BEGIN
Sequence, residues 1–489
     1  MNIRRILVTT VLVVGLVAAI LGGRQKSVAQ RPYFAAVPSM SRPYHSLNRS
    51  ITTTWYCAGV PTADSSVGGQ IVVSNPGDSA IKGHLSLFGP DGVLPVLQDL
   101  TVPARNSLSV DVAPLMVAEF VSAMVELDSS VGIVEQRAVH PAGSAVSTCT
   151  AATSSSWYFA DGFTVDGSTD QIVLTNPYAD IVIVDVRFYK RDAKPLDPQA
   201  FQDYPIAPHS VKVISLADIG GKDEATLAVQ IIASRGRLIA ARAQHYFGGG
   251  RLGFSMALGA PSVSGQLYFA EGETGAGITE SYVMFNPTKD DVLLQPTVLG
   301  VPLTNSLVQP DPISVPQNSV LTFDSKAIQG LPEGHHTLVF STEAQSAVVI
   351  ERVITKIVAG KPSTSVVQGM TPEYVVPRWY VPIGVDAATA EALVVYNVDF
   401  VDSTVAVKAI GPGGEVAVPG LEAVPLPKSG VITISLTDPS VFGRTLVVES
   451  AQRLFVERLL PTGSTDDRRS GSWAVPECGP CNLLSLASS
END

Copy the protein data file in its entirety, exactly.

Sequence, residues 1–489
     1  MNIRRILVTT VLVVGLVAAI LGGRQKSVAQ RPYFAAVPSM SRPYHSLNRS
    51  ITTTWYCAGV PTADSSVGGQ IVVSNPGDSA IKGHLSLFGP DGVLPVLQDL
   101  TVPARNSLSV DVAPLMVAEF VSAMVELDSS VGIVEQRAVH PAGSAVSTCT
   151  AATSSSWYFA DGFTVDGSTD QIVLTNPYAD IVIVDVRFYK RDAKPLDPQA
   201  FQDYPIAPHS VKVISLADIG GKDEATLAVQ IIASRGRLIA ARAQHYFGGG
   251  RLGFSMALGA PSVSGQLYFA EGETGAGITE SYVMFNPTKD DVLLQPTVLG
   301  VPLTNSLVQP DPISVPQNSV LTFDSKAIQG LPEGHHTLVF STEAQSAVVI
   351  ERVITKIVAG KPSTSVVQGM TPEYVVPRWY VPIGVDAATA EALVVYNVDF
   401  VDSTVAVKAI GPGGEVAVPG LEAVPLPKSG VITISLTDPS VFGRTLVVES
   451  AQRLFVERLL PTGSTDDRRS GSWAVPECGP CNLLSLASS